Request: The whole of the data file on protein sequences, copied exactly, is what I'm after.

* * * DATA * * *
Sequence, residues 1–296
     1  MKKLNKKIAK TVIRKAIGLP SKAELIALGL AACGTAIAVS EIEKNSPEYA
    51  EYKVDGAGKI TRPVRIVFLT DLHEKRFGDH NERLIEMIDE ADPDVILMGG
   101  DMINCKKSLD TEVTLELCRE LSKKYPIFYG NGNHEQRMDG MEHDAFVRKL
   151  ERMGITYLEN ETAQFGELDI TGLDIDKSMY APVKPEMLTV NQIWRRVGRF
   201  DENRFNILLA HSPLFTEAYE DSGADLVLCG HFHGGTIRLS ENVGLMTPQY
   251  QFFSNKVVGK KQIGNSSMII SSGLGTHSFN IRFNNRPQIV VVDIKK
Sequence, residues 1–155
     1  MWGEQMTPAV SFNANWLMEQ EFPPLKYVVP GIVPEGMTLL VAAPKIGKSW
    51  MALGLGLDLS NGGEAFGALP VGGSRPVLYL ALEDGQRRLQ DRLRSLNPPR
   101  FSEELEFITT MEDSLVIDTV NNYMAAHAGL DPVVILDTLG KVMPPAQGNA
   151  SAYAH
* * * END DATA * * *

Sequence, residues 1–296
     1  MKKLNKKIAK TVIRKAIGLP SKAELIALGL AACGTAIAVS EIEKNSPEYA
    51  EYKVDGAGKI TRPVRIVFLT DLHEKRFGDH NERLIEMIDE ADPDVILMGG
   101  DMINCKKSLD TEVTLELCRE LSKKYPIFYG NGNHEQRMDG MEHDAFVRKL
   151  ERMGITYLEN ETAQFGELDI TGLDIDKSMY APVKPEMLTV NQIWRRVGRF
   201  DENRFNILLA HSPLFTEAYE DSGADLVLCG HFHGGTIRLS ENVGLMTPQY
   251  QFFSNKVVGK KQIGNSSMII SSGLGTHSFN IRFNNRPQIV VVDIKK
Sequence, residues 1–155
     1  MWGEQMTPAV SFNANWLMEQ EFPPLKYVVP GIVPEGMTLL VAAPKIGKSW
    51  MALGLGLDLS NGGEAFGALP VGGSRPVLYL ALEDGQRRLQ DRLRSLNPPR
   101  FSEELEFITT MEDSLVIDTV NNYMAAHAGL DPVVILDTLG KVMPPAQGNA
   151  SAYAH